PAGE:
This is the standard format to report clinical trial.

      Editable Diagram

      Another resource is the editable diagram from consort website.

      STROBE (Strengthening the Reporting of Observational Studies in Epidemiology)

      Another resource is the editable diagram from consort website.

      Editable Strobe Diagram

      Credit to the Research Division at the Department of Emergency Medicine at Keck School of Medicine of USC.
      PRISMA (Preferred Reporting Items for Systematic Reviews and Meta-Analyses)This is the format to report systematic reviewer and meta-analysis. Also, an editable template is available below. 
      Online Diagram Generator 
      Editable PRIMSA Diagram from the PRISMA Website 
      Consolidated Criteria for Reporting Qualitative Research (COREQ)This includes a 32-item checklist for interviews and focus groups, and the format to report qualitative research. 
      Revised Standards for Quality Improvement Reporting Excellence (SQUIRE)SQUIRE has the format and checklist to report quality improvement project.
      The Standards for Reporting Diagnostic Accuracy (STARD 2015) An updated list of essential items for reporting diagnostic accuracy studies; includes checklist and template diagram. 


      Inclusion of Women, Children and Ethnic Minority Group Guidelines

      AEM PeRLs Video on Gender-Specific AnalysesThis website helps researchers understand how to design gender-specific research studies, including the design, analysis, and considerations involved. 
      Resources from NIH office of Research on Women's HealthThe ORWH provides resources on how to incorporate sex as a variable in the design, analysis, and reporting stages of pre-clinical studies. 


      Additional Resources


      The SGBA provides resources for and helps researchers understand how to conduct sex and gender-based analysis for research studies.

      NIH Guidelines for Reporting Race and Ethnicity Data, for Inclusion of Women and Minorities in Research

      This web page provides links useful in reporting race and ethnicity data for research studies.

      NIH Facts and Other Resources

      This web page provides links useful in keeping researchers current on how to report demographic information.


      The Data Collection Stage


      Clear screening and enrollment logs, as well as exquisitely detailed enrollment checklist, will improve the rigor of your research. These examples will help in crafting study specific documents.

      Screening Logs

      Screening Log Example #1 [.xls]Provided by Blair Alden Parry CCRC BA and John T. Nagurney, MD, MPH - Department of Emergency Medicine, Harvard Medical School and Massachusetts General Hospital.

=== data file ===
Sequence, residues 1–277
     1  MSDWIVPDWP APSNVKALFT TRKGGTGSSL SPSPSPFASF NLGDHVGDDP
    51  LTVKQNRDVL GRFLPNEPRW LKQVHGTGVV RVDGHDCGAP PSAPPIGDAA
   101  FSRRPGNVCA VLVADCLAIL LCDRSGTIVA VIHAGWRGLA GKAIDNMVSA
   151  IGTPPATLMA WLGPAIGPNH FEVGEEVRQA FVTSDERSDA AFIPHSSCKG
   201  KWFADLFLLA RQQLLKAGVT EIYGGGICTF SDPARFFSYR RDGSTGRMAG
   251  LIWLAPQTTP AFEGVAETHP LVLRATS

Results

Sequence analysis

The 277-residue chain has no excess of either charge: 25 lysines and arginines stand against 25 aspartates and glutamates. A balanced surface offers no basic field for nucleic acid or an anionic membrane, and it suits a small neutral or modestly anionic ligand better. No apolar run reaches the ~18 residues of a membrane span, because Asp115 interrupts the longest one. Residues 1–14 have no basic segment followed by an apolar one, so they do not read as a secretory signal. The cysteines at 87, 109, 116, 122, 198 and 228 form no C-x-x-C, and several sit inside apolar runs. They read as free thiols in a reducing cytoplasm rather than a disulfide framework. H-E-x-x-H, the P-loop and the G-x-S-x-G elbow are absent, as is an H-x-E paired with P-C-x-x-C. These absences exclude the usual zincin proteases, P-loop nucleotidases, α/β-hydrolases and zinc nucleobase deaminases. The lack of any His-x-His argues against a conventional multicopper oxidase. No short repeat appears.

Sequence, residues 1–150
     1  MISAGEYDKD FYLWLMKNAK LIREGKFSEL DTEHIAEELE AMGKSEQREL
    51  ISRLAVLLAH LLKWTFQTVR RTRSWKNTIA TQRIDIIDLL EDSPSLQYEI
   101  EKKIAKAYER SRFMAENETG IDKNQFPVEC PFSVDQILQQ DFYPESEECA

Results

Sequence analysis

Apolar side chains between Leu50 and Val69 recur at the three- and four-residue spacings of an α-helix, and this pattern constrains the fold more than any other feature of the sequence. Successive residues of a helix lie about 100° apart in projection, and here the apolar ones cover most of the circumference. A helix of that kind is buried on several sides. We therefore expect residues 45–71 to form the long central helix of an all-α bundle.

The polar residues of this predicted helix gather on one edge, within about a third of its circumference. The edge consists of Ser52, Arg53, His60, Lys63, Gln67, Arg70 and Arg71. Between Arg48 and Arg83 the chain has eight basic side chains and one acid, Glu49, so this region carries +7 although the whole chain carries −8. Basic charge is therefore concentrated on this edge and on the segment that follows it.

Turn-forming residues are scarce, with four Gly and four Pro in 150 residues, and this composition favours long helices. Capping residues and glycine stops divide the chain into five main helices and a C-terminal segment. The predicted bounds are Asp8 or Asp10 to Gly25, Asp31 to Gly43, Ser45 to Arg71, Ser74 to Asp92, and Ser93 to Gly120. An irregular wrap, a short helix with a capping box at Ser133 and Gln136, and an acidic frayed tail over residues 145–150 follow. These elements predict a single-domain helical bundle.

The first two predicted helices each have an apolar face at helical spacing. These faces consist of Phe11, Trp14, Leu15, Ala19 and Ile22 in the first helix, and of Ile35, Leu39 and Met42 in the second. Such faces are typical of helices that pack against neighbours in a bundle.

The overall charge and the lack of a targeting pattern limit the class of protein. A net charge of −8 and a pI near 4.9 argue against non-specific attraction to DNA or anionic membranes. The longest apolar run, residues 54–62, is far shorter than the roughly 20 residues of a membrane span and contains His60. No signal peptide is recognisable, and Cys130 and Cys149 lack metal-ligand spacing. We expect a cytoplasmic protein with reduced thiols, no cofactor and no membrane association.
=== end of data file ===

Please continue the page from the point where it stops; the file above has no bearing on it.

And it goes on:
Screening Log Example #2 [.xls]Provided by Blair Alden Parry CCRC BA and John T. Nagurney, MD, MPH - Department of Emergency Medicine, Harvard Medical School and Massachusetts General Hospital.


      Intro Email

      Informing the department of your new study will assist in data collection and reduce conflicts in the clinical areas. This example email will assist you in writing your own. Provided by Blair Alden Parry CCRC BA and John T. Nagurney, MD, MPH - Department of Emergency Medicine, Harvard Medical School and Massachusetts General Hospital.

      Example Intro Email [.docx]

      Data Management Tools


      Online Data Collection

      REDCap (Research Electronic Data Capture)

      REDCap is an online survey and database manager used to virtually collect a diverse range of data all over the world.

      OpenClinica (Open Source for Clinical Research)

      OpenClinica is a user friendly electronic data capturing and data management system, for both study participants and researchers.

      Clinovo clinCaptureClinic Capture is a validated cloud-based electronic data capturing system used for clinical studies and data management. 
      MagpiMagpi is a mobile data management and capturing system, messaging, and visualization app for research studies.


      Data Management

      FileMaker Pro is a web-based program to manage and report data and is accessible through various with various mobile devices.

      Microsoft Access

      Microsoft Access uses a desktop database system that helps organize, edit, and display data in a readable format. 

      FileMaker Pro

      FileMaker Pro is a web-based program to manage and report data and is accessible through various with various mobile devices.


      Survey Instruments 

      Survey Monkey

      Survey Monkey is a simple online survey generator. 


      Zoomerang is a survey/poll builder used to collect data.

      Survey Gizmo

      Survey Gizmo is a tool used to design and administer surveys online and populates survey data collected. 

      PollDaddyPolldaddy is an online polling, surveying, rating, and quiz tool used to collect data and provide information in real-time. 
      QualtricsQualtrics is online research software used for market research and demographic data collection and management. 
      QuestionProQuestionPro is surveying software that is feasible for mobile research platforms.


      The Analysis Stage


      There are many resources where you can find tools for analysis. Here are a few that SAEM suggests: